More Outstanding and Challenging Beethoven from Igor Levit


Beethoven: Igor Levit (piano). Wigmore Hall, London, 6.12.2016. (MB)

Beethoven – Piano Sonata no.17 in D minor, op.31 no.2, ‘The Tempest’; Piano Sonata no.11 in B-flat major, op.22; Piano Sonata no.3 in C major, op.2 no.3; Piano Sonata no.8 in C minor, op.13, ‘Pathétique’

You could probably write this review yourselves now: well, the essential thrust, with a good few purple adjectives tastefully discarded. Contrarians would find something ‘different’ to say for the sake of it, but 2016 has had quite enough of contrarians, thank you. Suffice it to say that this was another outstanding Beethoven recital from Igor Levit, with a good few challenges to any preconceptions, whether concerning work or pianist, not least in the comparatively neglected op.22 Sonata.

‘The Tempest’, though, opened in surprising fashion too. It always sounds exploratory, or at least always should. I am always put in mind – I think I have probably quoted this before – of Carl Dahlhaus’s Nineteenth-Century Music contrast with a melody from Les Huguenots:

By the criteria of Italo-French music, Beethoven’s movement does not have the slightest claim to a musical idea worthy of the name. What his work is based on is not a thematic — much less melodic — ‘inspiration’ so much as a formal concept: the arpeggiated triad … The opening, seemingly an introduction, can be viewed in retrospect as an exposition. … If one extreme of music is the melodic ‘inspiration’ [to exemplify which, he quotes that Meyerbeer melody], limited to a few measures and with the form functioning merely as an arrangement, the other would seem to be the almost disembodied formal process emerging from a void.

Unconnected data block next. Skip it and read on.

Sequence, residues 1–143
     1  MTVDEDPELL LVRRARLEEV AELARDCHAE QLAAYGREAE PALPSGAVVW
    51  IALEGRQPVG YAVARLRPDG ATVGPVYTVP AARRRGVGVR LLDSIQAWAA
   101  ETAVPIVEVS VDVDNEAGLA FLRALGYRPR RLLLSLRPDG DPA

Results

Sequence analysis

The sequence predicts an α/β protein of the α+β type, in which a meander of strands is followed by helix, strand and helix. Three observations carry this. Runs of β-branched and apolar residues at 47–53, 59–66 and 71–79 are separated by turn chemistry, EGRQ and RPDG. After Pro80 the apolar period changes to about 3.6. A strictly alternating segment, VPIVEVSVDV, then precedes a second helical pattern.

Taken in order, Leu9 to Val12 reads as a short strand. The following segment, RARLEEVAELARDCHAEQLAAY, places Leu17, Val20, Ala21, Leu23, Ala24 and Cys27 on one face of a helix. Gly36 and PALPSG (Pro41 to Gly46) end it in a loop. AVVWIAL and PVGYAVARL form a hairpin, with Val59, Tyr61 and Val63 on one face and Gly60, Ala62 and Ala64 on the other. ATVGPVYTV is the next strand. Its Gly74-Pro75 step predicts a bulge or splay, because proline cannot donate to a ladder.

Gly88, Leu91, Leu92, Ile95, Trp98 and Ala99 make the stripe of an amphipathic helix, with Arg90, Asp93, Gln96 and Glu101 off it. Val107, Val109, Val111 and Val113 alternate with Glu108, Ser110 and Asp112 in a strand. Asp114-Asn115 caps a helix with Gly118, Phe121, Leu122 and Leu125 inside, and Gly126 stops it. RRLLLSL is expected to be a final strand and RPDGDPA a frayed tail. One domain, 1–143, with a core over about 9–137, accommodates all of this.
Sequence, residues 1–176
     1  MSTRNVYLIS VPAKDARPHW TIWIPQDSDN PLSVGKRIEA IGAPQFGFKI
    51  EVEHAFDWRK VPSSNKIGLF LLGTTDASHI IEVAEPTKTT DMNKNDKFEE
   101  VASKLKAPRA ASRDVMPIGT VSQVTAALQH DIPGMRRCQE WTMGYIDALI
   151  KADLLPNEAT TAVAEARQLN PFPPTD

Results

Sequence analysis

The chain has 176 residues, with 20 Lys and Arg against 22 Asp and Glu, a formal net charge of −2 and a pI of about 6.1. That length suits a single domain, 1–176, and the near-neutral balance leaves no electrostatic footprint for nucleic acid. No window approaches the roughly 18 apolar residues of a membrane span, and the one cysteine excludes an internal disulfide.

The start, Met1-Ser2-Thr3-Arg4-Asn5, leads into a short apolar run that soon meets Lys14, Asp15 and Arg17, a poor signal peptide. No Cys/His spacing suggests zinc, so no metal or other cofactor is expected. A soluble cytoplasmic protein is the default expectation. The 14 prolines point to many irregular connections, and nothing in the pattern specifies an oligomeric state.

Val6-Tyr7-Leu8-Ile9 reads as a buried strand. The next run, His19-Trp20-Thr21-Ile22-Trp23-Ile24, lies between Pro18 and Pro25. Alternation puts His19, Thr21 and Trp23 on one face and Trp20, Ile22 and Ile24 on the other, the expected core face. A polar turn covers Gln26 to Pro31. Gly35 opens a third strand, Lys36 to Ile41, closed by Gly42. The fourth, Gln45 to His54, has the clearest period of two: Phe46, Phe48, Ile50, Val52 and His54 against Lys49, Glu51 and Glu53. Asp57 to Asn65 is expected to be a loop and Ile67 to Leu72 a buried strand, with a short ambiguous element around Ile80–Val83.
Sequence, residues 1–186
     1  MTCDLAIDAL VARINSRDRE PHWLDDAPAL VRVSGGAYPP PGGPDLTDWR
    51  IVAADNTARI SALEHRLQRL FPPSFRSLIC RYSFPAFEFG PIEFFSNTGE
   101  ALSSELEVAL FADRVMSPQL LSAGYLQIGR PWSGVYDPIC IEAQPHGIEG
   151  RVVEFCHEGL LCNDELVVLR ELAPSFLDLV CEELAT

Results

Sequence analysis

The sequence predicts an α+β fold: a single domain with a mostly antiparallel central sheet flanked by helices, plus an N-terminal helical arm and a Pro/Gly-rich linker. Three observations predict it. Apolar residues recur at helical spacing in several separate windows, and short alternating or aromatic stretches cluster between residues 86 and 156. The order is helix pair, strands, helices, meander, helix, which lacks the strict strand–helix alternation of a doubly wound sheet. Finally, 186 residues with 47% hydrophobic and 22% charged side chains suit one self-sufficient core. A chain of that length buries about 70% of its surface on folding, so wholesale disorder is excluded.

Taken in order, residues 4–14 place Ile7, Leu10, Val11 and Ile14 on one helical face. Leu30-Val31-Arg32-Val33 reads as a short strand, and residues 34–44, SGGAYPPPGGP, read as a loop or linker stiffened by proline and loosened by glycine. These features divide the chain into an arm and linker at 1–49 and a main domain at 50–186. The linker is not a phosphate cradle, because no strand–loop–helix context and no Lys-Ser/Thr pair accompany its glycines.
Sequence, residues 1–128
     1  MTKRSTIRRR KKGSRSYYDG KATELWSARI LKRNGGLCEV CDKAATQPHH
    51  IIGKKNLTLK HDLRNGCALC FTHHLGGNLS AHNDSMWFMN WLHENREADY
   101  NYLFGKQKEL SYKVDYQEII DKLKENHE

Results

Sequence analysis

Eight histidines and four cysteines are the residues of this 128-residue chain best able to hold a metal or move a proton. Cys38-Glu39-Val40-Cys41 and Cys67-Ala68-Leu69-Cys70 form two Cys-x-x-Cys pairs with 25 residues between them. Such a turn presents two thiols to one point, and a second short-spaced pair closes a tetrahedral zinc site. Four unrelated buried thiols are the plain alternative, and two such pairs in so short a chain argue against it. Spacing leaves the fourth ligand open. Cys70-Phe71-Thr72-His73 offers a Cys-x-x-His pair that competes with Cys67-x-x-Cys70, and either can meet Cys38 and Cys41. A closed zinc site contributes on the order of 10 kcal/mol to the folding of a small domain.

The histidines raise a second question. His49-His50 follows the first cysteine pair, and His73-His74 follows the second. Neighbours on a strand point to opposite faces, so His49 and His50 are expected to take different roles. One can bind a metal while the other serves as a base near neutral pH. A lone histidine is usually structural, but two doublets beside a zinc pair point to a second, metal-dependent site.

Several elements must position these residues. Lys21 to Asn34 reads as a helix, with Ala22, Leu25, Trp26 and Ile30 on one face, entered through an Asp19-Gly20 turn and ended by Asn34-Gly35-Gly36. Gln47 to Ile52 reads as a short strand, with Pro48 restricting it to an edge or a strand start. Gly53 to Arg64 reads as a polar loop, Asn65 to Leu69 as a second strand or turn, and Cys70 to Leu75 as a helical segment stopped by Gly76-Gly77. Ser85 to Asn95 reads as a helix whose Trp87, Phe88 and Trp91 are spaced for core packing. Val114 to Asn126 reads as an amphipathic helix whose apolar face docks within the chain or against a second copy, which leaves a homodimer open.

So it mysteriously did here, a world created before our ears, ex nihilo, with that creation ongoing, continual. Telling rubato, almost improvisatory in quality, was of course anything but arbitrary, ever grounded in Beethoven’s harmony. Levit’s playing was wondrously clear, without the slightest loss to ‘atmosphere’. (Think, perhaps, of Boulez’s conducting. If you do not know his Beethoven Fifth, greatly admired by Sviatoslav Richter amongst others, do rectify that omission!) Rhetoric formed structure, and all the while that arpeggio, those arpeggios acted as Prospero (perhaps Caliban too on occasion?) Recitative took us into the world of late Beethoven, every note impregnated with meaning, seeming almost to prepare for, as well as to contrast with, the post-Mozartian arioso of the slow movement. Relished, even adored, quite rightly, creation of melody was hard work, yet not without fancy, even fantasy. It was almost, at times, a Bagatelle writ-large, and not necessarily an early one. This, I thought, was an undeniably modernist Beethoven, after which will-o’-the-wisp Romanticism came with the finale as another welcome contrast; so too, did a vehemence that seemed to hint at Chopin and Liszt. Beethoven sounded possessed, increasingly so, with all his trademark obstinacy. The end was almost a void: perhaps a return, yet not quite.